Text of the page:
Washington: Suffering of a painful break-up is different from physical pain, according to a new study.
Over the last decade, neuroscientists have largely come to believe that physical pain and social pain were processed by the brain in the same way. But a new study led by the University of Colorado has shown that the two kinds of pain actually use distinct neural circuits.
The researchers used a technique recently borrowed from the computer science field by neuroscientists, multivariate pattern analysis, to examine brain scans that were taken while people looked at a picture of someone who had rejected them. The results were compared to brain scans made of the same people when they were receiving a painful heat stimulus.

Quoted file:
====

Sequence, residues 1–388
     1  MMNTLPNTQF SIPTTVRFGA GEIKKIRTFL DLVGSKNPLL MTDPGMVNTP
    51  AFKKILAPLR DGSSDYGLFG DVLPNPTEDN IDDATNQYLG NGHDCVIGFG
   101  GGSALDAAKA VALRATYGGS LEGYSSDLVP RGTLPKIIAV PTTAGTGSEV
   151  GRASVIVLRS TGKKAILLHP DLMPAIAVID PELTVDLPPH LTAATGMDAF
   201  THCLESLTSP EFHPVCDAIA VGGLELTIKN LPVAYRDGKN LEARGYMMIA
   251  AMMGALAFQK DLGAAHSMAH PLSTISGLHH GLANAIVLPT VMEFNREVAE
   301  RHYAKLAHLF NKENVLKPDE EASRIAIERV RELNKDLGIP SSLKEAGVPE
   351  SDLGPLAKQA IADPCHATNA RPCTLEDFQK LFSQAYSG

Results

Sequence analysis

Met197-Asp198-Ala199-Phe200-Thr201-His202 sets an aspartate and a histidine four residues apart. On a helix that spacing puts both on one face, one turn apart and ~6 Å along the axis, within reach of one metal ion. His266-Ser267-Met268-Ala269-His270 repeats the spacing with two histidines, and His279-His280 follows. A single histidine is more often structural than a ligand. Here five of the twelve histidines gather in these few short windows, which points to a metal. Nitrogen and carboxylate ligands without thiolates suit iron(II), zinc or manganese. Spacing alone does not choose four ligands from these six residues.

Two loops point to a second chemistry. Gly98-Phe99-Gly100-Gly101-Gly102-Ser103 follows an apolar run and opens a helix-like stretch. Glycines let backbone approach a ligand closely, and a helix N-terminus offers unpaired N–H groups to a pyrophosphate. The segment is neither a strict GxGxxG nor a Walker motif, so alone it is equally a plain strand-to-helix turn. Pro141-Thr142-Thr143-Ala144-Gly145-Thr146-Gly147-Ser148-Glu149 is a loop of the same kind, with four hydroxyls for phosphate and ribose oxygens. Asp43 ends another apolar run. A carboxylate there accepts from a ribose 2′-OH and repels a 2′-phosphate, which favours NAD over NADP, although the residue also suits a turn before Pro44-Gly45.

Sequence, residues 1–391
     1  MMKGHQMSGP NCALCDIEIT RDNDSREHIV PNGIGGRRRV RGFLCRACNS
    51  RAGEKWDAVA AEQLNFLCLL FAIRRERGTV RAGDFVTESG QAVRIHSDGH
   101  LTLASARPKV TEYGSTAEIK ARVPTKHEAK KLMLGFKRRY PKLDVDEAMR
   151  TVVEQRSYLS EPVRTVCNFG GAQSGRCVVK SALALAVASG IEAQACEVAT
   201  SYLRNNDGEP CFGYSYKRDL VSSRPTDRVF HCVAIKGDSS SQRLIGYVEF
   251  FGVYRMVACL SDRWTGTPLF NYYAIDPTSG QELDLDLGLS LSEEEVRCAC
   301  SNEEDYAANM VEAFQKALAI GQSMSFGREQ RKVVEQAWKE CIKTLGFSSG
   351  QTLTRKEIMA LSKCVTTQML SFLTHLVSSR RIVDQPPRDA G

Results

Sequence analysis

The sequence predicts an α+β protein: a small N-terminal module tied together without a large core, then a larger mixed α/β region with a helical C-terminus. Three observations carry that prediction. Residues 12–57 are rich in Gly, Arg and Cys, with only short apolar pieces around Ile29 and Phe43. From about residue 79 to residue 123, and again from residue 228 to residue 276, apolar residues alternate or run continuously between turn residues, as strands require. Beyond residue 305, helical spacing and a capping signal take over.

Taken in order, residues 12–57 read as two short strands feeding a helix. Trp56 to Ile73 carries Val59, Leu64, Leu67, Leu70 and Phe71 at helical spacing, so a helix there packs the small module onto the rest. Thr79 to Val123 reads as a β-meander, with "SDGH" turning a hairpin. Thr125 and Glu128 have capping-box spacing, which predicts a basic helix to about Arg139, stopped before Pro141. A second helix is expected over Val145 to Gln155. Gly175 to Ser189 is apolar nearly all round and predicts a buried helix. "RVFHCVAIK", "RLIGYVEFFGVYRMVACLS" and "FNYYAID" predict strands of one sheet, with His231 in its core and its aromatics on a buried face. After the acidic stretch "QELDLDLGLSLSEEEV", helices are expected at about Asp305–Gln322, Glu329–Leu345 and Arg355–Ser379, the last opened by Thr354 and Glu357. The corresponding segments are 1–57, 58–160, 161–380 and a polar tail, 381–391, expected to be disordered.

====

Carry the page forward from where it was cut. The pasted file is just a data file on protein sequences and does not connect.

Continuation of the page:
The results of the new study are important because they could help understand how social pain can be measured objectively, and how the brain creates these uniquely distressing experiences.
Lead author of the study Choong-Wan Woo said though there were some similar psychological features between physical pain and social pain, they appeared to be quite different in the brain. If social pain was more similar to sadness or depression in the brain than physical pain, that could affect treatment options.
The study also is an important step in allowing researcher to test how the two types of pain interact, which could shed light on known relationships between emotions and physical pain, such as the connection between pain disorders and emotional trauma.
The findings are published in the journal Nature Communications.